## 4. Models of cooling neutron starsTo illustrate the results of Sects. 2 and 3 we have performed
simulations of neutron-star cooling. We have used the same cooling
code as described by Levenfish & Yakovlev (1996). The general
relativistic effects are included explicitly. The stellar cores are
assumed to have the same equation of state (Prakash et al., 1988) as
has been used in Sect. 3. The maximum neutron-star mass, for this
equation of state, is . We consider
the stellar models with two masses. In the first case, the mass is
, the radius
km, and the central density
g cm For simplicity, the nucleons are assumed to be superfluid everywhere in the stellar core. We suppose that the proton superfluidity is of type (A), while the neutron superfluidity is of type (B). We make the simplified assumption that and are constant over the stellar core and can be treated as free parameters (see Sect. 3). Our cooling code includes the main traditional neutrino reactions
in the neutron star core (1)-(3), suppressed properly by neutron and
proton superfluids (Levenfish & Yakovlev 1996), supplemented by
the Cooper neutrino emission by neutrons and protons (Sects. 2 and 3).
In addition we include the neutrino emission due to electron-ion
bremsstrahlung in the neutron star crust using an approximate formula
by Maxwell (1979). The neutron-star heat capacity is assumed to be the
sum of the capacities of Figs. 6a and b show typical cooling curves (dependence of the
effective surface temperature
versus stellar age
Fig. 7 compares the standard cooling curves () with the available observations of thermal radiation from isolated neutron stars. The observational data are summarized in Table 2. We include the data on four pulsars (Vela, Geminga, PSR 0656+14, PSR 1055-52) and three radioquiet objects (RX J0822-43, 1E 1207-52, RX J0002+62) in supernova remnants. The pulsar ages are the dynamical ages except for Vela, where new timing results by Lyne et al. (1996) are used. Ages of radioquiet objects are associated to ages of their supernova remnants. The error bars give the confidence intervals of the redshifted effective surface temperatures obtained by two different methods. The first method consists in fitting the observed spectra by neutron-star hydrogen and/or helium atmosphere models (open circles), and the second one consists in fitting by the blackbody spectrum (filled circles). Dashed region encloses all standard cooling curves for a star with different and (from K to K). Notice that the Cooper-pair neutrinos introduce into the cooling theory some new "degree of freedom" which helps one to fit the observational data. For instance, we present a solid curve which hits five error bars for the atmosphere models at once. We would not be able to find a similar cooling curve if we neglected the Cooper-pair neutrino emission. The dashed curve in Fig. 7 shows that Cooper-pair neutrinos make the standard cooling very sensitive to the superfluid parameters. A minor change even of the one superfluid parameter yields quite a different cooling curve, which hits two error bars only. Such a sensitivity is important for constraining and from observations.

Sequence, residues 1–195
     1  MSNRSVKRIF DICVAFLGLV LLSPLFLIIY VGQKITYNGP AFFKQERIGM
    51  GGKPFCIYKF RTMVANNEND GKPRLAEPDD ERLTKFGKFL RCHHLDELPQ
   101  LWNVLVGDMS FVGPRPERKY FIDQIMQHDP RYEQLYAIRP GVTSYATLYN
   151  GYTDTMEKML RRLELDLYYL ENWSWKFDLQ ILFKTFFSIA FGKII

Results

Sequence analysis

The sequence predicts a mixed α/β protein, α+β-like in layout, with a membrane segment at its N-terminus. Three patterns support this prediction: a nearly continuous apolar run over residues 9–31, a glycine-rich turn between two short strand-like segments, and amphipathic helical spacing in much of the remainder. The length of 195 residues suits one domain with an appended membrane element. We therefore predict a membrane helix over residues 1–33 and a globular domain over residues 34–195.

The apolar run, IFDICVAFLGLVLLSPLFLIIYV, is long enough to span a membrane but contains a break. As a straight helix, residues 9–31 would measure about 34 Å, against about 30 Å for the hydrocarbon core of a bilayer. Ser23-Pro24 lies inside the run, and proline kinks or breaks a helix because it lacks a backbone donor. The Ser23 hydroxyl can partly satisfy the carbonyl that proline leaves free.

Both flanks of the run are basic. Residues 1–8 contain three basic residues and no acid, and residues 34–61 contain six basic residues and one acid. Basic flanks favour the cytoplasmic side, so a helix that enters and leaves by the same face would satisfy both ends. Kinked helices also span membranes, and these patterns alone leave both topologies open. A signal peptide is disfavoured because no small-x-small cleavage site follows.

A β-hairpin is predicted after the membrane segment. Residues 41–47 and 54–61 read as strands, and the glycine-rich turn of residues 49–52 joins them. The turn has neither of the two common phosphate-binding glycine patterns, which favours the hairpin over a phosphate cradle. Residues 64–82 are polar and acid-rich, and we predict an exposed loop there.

Thus, the majority of observations of thermal radiation from isolated neutron stars can be interpreted by the standard cooling with quite a moderate nucleon superfluidity in the stellar core. These moderate critical temperatures do not contradict to a wealth of microscopic calculations of and . Notice that it is easier for us to explain the "atmospheric" surface temperatures than the blackbody ones. This statement can be considered as an indirect argument in favour of the atmospheric interpretation of the thermal radiation. Although the theory of neutron-star atmospheres is not yet complete (e.g., Pavlov & Zavlin 1998) the atmospheric fits give more reasonable neutron-star parameters (radii, magnetic fields, distances, etc.) which are in better agreement with the parameters obtained by other independent methods. Even in our simplified model (one equation of state, two fixed neutron-star masses, constant and over the stellar core) it is possible to choose quite definite superfluid parameters to explain most of observations. However, one needs more elaborated models of cooling neutron stars to obtain reliable information on superfluid state of the neutron star cores. We expect to develop such models in the future making use of the results obtained in the present article. © European Southern Observatory (ESO) 1999 Online publication: March 1, 1999 |